This drawback can be eliminated by using small and spatially well-defined liquid droplets as target and irradiating them with a pulsed laser beam as disclosed by Rymell and Hertz, Opt. Commun. 103, 105 (1993). According to this publication, the droplets are generated by forming a jet of liquid by urging the pressurised liquid through a small nozzle, which is vibrated piezoelectrically. This droplet-generating method is described in e.g. U.S. Pat. No. 3,416,153 and in Heinzl and Hertz, Advances in Electronics and Electron Physics 65, 91 (1985). This results in very small and spatially well-defined droplets. In addition to eliminating debris, this compact X-ray source gives an excellent geometric access, a possibility of long-term operation without interruption since new target material is continuously supplied, and a possibility of a high average X-ray power by using lasers having a high repetition rate. A similar technique is disclosed by, for instance, Hertz et al, in Applications of Laser Plasma Radiation II, M. C. Richardsson, Ed., SPIE Vol. 2523 (1995), pp 88-93; EP-A-0 186 491; Rymell et al, Appl. Phys. Lett. 66, 20 (1995); Rymell et al, Appl. Phys. Lett 66, 2625 (1995); and U.S. Pat. No. 5,459,771.
A drawback of this technique is however that all liquids cannot form sufficiently spatially stable microscopic droplets, and therefore it will be difficult to guide the laser light so as to irradiate the microscopic droplets. Moreover, there are also for suitable liquids slow drifts in droplet position relative to the focus of the laser beam, which results in the synchronization of the laser plasma production requiring temporal adjustment.
It is therefore an object of the present invention to provide a method and an apparatus for stable and uncomplicated X-ray or EUV generation via laser plasma emission from a target in a chamber. The inventive apparatus should be compact, inexpensive and generate a relatively high average power as stated above and have a minimum production of debris. A further object is to provide a method and an apparatus which produces X-radiation which is suitable for proximity lithography. One more object of the invention is to permit use of the apparatus and the method in microscopy, lithography and materials science.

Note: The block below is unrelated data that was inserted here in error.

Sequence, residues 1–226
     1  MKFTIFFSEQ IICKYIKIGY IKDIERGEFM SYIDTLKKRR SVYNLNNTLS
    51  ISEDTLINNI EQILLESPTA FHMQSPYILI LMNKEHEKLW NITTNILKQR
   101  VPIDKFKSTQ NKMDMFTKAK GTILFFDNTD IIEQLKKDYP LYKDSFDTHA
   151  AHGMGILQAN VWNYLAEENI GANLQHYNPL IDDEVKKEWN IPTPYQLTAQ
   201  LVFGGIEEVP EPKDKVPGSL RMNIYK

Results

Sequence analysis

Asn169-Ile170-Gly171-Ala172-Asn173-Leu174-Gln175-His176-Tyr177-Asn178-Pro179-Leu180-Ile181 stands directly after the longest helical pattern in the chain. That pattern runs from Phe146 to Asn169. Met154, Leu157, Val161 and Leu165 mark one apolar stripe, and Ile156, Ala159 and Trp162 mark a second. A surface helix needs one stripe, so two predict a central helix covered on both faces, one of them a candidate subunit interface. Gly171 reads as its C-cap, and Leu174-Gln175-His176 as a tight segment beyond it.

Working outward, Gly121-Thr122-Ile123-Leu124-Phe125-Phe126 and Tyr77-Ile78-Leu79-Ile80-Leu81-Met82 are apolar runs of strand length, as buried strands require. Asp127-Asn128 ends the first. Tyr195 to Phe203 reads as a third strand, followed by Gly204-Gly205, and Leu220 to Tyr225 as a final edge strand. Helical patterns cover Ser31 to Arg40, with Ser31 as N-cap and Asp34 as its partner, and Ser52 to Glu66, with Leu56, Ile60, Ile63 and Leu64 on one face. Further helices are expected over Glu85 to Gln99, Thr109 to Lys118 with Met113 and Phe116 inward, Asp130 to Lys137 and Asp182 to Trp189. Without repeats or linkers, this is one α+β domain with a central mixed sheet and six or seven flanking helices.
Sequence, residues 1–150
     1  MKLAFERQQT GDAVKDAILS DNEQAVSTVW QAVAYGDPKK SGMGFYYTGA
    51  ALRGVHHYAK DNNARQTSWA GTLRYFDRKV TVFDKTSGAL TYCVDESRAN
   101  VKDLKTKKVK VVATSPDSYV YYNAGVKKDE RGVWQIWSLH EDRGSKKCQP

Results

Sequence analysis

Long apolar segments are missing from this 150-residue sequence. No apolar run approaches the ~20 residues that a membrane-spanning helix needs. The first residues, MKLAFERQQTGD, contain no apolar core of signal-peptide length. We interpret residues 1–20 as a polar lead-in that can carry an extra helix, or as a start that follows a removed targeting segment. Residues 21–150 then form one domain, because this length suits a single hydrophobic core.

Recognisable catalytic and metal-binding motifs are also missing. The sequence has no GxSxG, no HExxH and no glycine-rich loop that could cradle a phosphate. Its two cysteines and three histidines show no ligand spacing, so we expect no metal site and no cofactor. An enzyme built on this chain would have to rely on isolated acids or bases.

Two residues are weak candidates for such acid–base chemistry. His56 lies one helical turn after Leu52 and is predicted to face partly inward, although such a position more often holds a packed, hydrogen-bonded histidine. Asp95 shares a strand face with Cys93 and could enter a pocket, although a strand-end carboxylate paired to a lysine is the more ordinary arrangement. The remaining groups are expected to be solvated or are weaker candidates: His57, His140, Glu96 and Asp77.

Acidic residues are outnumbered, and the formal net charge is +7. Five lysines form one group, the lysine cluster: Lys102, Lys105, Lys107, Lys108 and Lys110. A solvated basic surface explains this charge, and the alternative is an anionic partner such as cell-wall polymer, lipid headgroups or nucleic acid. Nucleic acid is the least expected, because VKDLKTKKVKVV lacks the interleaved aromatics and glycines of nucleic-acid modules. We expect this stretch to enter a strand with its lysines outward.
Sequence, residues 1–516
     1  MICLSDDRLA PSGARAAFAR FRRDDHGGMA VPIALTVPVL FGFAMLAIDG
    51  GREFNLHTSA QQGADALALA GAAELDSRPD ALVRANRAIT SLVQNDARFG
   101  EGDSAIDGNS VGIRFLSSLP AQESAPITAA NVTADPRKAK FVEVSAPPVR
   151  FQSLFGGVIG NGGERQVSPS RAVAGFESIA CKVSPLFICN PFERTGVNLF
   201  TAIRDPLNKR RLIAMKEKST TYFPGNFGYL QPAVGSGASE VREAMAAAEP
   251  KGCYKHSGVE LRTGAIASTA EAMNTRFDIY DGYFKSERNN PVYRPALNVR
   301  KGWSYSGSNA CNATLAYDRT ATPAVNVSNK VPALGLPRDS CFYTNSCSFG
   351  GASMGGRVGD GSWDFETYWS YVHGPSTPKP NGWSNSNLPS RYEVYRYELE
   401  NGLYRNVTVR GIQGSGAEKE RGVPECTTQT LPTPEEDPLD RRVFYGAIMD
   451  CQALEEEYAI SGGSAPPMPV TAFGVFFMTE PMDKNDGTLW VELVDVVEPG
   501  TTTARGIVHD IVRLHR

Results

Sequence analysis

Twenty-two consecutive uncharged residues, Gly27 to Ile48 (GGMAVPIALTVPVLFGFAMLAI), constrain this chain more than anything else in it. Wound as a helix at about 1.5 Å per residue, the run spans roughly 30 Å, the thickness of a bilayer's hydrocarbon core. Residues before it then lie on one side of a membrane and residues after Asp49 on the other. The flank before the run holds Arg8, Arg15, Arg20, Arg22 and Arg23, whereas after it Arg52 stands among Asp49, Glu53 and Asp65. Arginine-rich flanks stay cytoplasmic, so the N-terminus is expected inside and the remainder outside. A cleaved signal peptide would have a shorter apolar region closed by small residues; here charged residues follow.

These and other objects, which will be apparent from the following specification, are wholly or partially achieved by the method according to claim 1 and the apparatus according to claim 6. The subclaims define preferred embodiments.
According to the invention, the laser beam is focused on a spatially continuous portion of the jet generated from a liquid. This can be achieved, for instance, by generating the jet as a spatially completely continuous jet of liquid, and by focusing the laser light on the actual jet before this spontaneously breaks up into droplets. Alternatively, it is conceivable that the jet is generated in the form of a pulsed or semicontinuous jet of liquid consisting of separate, spatially continuous portions each having a length that significantly exceeds the diameter.
By producing a laser plasma in a spatially continuous portion of the jet, new liquids can be used as target. Furthermore, the stability is improved since slow drifts no longer affect the X-ray emission. It is also important that the handling is simplified to a considerable extent by the laser not needing temporal synchronization with the drop formation in order to irradiate a separate droplet. Thus, in many cases a less advanced laser can be employed. These advantages are obtained while retaining many of the advantages of droplet-shaped liquid target, as discussed by way of introduction, for example, a great reduction of debris, excellent geometric access, a possibility of long-term operation without interruption by providing new target material continuously through the jet of liquid, low cost for target material, and the possibility of using lasers of high repetition rates, which increases the average X-ray power.